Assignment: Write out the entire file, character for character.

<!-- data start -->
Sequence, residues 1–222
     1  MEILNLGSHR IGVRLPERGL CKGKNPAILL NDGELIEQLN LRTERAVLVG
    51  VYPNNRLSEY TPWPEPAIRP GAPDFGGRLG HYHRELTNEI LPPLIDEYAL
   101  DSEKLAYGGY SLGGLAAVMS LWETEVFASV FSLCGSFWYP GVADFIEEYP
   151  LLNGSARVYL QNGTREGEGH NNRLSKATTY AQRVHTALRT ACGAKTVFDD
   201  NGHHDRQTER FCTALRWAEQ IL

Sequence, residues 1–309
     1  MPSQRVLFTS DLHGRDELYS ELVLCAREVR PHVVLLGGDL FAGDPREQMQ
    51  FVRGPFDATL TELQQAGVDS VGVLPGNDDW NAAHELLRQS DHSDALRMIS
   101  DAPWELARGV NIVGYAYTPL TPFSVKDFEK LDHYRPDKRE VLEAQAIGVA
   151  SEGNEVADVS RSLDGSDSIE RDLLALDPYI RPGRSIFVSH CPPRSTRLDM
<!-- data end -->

Sequence, residues 1–222
     1  MEILNLGSHR IGVRLPERGL CKGKNPAILL NDGELIEQLN LRTERAVLVG
    51  VYPNNRLSEY TPWPEPAIRP GAPDFGGRLG HYHRELTNEI LPPLIDEYAL
   101  DSEKLAYGGY SLGGLAAVMS LWETEVFASV FSLCGSFWYP GVADFIEEYP
   151  LLNGSARVYL QNGTREGEGH NNRLSKATTY AQRVHTALRT ACGAKTVFDD
   201  NGHHDRQTER FCTALRWAEQ IL

Sequence, residues 1–309
     1  MPSQRVLFTS DLHGRDELYS ELVLCAREVR PHVVLLGGDL FAGDPREQMQ
    51  FVRGPFDATL TELQQAGVDS VGVLPGNDDW NAAHELLRQS DHSDALRMIS
   101  DAPWELARGV NIVGYAYTPL TPFSVKDFEK LDHYRPDKRE VLEAQAIGVA
   151  SEGNEVADVS RSLDGSDSIE RDLLALDPYI RPGRSIFVSH CPPRSTRLDM